Pressure mounts on Liberals to decriminalize drug use and simple possession

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Courtesy of Lift Magazine

At its policy convention last week, the NDP made a formal commitment to decriminalize possession of all drugs, not just cannabis, to combat the opioid epidemic at its policy convention in late February. Now, Liberal MPs are asking members of the party to communicate their support of the same initiative.

Between now and March 18, registered Liberals can vote online to prioritize the Liberal caucus’s drug policy resolution. If the idea makes the top 30 of 39 resolutions, it will be included in debates at the party’s April convention in Halifax.

“I believe that we should treat drug use and abuse as a health issue, and not as a crime. We know that prohibition policies – the so-called “war on drugs” – has been an abject failure,” wrote Liberal MP Nathaniel Erskine-Smith in an email. “We need evidence-based solutions instead. To that end, other countries have had success with more progressive drug policies.”

The Portuguese government decriminalized low-level possession of all drugs in 2001. Instead, medical experts, social workers and legal professionals work together to create treatment plans, issue fines or assign community service duties to those possessing drugs. Since that time, overdoses and drug-related deaths decreased from 131 in 2001 to 20 in 2008, and the number of people seeking treatment for drug addiction has increased by 60 per cent.

In Canada, 7000 opioid-related deaths have been reported in the last two years.

“We have expanded safe injection sites, and are working to expand treatment options, but we need to continue to follow the evidence if we want to save lives,” Erskine-Smith says.

Recreational cannabis legalization should be viewed as separate from the proposal to decriminalize all drugs, says Erskine-Smith. But many have wondered if more access to cannabis could help – or hinder – efforts to treat opioid addiction.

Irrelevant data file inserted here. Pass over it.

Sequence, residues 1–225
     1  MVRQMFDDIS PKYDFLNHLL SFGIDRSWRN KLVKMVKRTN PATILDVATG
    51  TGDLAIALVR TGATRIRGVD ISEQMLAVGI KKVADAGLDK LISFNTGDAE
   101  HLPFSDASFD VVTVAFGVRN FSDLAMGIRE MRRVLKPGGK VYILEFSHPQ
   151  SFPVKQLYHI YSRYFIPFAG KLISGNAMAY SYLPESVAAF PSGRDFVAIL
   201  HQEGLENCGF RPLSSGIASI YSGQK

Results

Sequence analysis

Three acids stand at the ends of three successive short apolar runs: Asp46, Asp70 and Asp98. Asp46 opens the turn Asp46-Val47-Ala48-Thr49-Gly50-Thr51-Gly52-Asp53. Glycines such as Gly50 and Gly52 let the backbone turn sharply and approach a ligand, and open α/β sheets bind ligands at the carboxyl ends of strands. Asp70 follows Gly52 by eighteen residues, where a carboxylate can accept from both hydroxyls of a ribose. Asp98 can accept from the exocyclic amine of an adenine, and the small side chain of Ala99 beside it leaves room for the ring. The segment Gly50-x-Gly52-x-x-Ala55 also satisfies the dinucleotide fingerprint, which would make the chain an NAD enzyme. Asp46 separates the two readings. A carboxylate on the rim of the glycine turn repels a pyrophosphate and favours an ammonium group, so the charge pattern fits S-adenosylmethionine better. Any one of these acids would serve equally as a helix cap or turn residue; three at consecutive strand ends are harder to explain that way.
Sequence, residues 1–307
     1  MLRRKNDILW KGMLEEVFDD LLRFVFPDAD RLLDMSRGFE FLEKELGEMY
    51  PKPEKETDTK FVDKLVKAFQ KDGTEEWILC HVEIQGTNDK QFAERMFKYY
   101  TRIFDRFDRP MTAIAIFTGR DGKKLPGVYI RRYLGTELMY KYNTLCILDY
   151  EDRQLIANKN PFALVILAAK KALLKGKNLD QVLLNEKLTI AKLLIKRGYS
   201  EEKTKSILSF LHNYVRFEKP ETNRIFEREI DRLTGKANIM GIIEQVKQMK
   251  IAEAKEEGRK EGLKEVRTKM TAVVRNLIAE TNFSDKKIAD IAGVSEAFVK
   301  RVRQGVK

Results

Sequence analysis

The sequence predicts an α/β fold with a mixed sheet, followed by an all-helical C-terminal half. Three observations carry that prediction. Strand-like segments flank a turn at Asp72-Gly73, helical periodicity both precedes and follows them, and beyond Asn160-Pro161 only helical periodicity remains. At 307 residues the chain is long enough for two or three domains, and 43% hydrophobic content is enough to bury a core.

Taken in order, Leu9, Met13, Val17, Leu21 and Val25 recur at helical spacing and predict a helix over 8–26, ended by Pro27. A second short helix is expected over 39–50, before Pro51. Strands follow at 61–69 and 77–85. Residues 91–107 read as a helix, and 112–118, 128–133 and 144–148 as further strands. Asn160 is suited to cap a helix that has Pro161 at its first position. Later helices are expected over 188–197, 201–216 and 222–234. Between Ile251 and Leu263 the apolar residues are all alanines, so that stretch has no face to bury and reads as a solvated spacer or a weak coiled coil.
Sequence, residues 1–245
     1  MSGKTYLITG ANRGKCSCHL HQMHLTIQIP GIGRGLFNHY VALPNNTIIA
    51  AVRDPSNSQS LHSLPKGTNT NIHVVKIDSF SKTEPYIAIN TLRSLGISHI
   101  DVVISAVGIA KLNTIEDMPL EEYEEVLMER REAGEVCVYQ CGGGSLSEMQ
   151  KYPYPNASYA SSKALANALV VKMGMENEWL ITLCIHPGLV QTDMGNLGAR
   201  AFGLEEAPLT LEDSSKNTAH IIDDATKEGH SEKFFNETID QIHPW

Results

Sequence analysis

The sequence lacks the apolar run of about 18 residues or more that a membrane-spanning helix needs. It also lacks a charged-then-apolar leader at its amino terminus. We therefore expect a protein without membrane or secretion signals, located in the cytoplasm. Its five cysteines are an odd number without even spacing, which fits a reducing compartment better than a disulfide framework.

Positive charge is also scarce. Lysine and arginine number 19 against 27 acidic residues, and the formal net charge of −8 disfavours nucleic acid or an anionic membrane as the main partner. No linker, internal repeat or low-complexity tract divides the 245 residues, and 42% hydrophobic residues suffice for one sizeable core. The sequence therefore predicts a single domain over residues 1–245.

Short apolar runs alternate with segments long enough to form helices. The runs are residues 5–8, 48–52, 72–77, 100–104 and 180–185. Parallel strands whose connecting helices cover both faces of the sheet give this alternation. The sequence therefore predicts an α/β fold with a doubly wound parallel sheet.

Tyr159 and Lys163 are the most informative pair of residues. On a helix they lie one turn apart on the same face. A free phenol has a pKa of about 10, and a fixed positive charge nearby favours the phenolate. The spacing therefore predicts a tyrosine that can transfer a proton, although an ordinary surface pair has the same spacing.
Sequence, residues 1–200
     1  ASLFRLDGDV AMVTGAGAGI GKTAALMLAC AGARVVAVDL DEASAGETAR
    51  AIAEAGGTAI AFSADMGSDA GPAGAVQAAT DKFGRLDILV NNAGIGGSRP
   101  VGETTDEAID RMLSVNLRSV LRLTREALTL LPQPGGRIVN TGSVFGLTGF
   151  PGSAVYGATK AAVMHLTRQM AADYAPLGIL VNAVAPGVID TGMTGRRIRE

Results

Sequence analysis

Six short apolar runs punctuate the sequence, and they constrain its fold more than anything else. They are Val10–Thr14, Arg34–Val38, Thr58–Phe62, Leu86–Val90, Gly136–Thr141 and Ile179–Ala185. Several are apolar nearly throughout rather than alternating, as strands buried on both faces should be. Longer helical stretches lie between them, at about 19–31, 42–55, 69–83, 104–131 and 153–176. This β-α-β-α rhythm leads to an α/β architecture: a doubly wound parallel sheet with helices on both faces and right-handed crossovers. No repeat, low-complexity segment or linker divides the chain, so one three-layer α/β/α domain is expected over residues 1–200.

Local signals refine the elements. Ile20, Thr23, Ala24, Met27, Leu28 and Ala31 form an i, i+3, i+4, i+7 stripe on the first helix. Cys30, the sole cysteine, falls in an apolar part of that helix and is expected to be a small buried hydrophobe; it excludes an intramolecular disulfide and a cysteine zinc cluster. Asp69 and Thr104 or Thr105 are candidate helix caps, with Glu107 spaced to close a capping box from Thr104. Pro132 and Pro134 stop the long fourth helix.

The Canadian Institutes of Health Research approved approximately $100,000 in funding for McMaster University’s Dr. Zainab Samaan to research the impact of cannabis legalization on cannabis use and outcomes in patients with opioid use disorder. In a previous study, Samaan and colleague Laura Zielinski studied the impact of cannabis use on the outcome of methadone treatment, the most widely used treatment for opioid addiction.

Samaan and Zielinski’s results showed that, for women in particular, cannabis use could hinder the efficacy of methadone treatment.

“This is the largest study to date examining the association between cannabis use and illicit opioid use,” they write. “Cannabis use may be a sex-specific predictor of poor response to methadone treatment (MMT), such that women are more likely to use illicit opioids if they also use cannabis during treatment. Women may show improved treatment outcomes if cannabis use is addressed during MMT.”

Another study, published in spring of 2017, found that 63 per cent of a sample of medical cannabis consumers registered with Tilray perceive cannabis as a substitute for prescription drugs – “particularly opioids (30 per cent), benzodiazepines (16 per cent), and antidepressants (12 per cent). Patients also reported substituting cannabis for alcohol

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